Soil experts from Cranfield
University have developed a replica soil for Mars in a project for
the European Space Agency (ESA) to help maximise the performance of the
next robotic rovers to be sent to the planet.
The 'soil surrogate' is one of a number of soil types characterized
by the current NASA Mars Exploration Rovers (MER), Spirit and
Opportunity, which were sent to Mars in 2003.
The replica soils will be used to help recreate the terrain of the
Martian surface and conduct a number of experimental tests on earth
prior to sending the ESA rover (ExoMars) to Mars in 2018.
NASA performed similar experiments to enable characterisation of the
physical environment on Mars, and to maximise the performance of their
vehicle - and minimise the possibility of the rover getting stuck in
the soil. These experiments were repeated on Mars and involved wheel
trenching and slipping, creating ruts which were used to reliably infer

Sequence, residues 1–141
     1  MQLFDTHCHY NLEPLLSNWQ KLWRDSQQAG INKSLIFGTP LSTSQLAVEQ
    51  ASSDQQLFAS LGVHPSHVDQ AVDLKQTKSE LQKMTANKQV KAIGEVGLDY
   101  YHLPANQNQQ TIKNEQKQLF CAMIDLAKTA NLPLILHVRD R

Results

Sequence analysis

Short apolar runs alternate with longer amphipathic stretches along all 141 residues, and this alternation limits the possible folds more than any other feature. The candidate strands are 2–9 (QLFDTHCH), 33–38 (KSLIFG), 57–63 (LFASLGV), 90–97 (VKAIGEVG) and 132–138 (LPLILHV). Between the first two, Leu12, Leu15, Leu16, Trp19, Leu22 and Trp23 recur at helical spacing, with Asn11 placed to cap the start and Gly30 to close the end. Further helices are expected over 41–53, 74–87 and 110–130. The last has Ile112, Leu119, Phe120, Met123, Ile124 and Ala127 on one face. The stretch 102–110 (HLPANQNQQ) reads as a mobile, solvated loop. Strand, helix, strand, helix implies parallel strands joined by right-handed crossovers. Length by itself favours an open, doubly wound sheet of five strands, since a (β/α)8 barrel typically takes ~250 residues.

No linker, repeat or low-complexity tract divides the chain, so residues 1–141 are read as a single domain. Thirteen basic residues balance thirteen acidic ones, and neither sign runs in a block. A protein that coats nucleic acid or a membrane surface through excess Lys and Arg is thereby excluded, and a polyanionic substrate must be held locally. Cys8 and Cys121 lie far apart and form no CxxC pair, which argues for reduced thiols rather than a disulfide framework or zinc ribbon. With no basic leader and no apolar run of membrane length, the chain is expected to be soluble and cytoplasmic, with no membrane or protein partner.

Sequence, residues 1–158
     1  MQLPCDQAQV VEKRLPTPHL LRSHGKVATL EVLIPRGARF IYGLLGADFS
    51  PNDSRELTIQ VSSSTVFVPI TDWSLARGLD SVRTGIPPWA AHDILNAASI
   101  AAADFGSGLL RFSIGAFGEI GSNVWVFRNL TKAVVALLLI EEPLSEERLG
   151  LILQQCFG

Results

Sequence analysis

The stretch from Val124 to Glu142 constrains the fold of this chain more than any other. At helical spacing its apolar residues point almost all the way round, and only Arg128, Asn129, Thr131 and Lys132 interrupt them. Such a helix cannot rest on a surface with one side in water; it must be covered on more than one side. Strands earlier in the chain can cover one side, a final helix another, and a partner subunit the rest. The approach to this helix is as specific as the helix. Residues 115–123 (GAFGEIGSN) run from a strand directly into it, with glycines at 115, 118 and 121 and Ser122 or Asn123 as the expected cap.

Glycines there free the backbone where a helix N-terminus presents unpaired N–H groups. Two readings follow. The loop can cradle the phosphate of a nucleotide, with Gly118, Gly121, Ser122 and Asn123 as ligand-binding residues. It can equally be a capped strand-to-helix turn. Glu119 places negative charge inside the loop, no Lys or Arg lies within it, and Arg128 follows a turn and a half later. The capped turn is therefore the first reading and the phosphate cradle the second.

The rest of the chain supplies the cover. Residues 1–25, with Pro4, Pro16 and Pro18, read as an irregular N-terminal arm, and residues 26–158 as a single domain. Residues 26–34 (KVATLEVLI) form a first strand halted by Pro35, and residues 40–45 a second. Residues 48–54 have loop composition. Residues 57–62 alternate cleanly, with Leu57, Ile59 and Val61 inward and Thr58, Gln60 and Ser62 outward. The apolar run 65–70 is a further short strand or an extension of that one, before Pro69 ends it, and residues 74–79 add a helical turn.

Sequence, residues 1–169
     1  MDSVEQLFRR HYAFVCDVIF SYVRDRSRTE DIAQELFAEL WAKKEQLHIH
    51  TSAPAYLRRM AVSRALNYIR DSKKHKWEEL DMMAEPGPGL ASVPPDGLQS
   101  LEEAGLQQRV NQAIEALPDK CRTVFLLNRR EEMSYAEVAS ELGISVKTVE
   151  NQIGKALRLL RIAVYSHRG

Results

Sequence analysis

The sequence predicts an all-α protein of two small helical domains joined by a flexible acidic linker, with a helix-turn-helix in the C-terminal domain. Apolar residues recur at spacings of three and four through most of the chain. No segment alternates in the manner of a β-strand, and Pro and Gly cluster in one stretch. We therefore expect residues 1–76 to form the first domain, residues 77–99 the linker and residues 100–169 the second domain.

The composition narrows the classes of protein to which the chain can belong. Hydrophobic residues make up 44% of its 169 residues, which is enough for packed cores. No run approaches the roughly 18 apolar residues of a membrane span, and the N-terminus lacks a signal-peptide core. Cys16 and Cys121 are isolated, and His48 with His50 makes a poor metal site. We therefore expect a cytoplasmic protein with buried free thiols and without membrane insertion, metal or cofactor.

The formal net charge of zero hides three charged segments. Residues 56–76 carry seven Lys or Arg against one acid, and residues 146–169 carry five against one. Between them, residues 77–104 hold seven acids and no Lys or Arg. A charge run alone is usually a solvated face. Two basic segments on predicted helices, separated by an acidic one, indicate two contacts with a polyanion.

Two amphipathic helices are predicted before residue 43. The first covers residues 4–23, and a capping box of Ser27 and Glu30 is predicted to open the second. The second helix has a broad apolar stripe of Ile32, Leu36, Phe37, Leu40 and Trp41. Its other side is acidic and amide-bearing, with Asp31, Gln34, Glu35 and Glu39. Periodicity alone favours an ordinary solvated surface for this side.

the soil physical properties.
A number of calibration experiments were carried out on earth, using
systems similar to those used on Spirit and Opportunity, and four
different soil types were identified. Earth based simulants of each of
these were labelled Engineering Soil (ES)1, ES2, ES3 and ES4.
Astrium, Europe's leading space company, working with ESA,
approached Cranfield in late 2010 to source new materials that could
replicate the most complex of these soil types - ES2 and ES4. While ES2
was discovered to be fairly easy to simulate using existing materials,
ES4 proved much more complicated.
The complex structure of the soil meant that there were a number of
strict criteria around grain size (greater than 50% of the sample had
to be within a very narrow size range), relative density, cohesion and
angle of internal friction. With Cranfield's state-of-the-art soil
laboratories and testing facilities, the team were able to analyse a
number of materials, all tested in dry environments with less than 50%
The resulting replica soil, based on a pure silica flour, will now
be used by Astrium in the development of the ExoMars rover. Based on
the experience developed over the course of this activity, Cranfield
have also been awarded a further contract by Astrium to test a number
of potential new wheel designs as part of the ESA Sample Fetching Rover
study. Using the ES4 replica soil, wheels of varying stiffness have
been tested and new test data produced to further improve our
understanding of Martian terramechanics.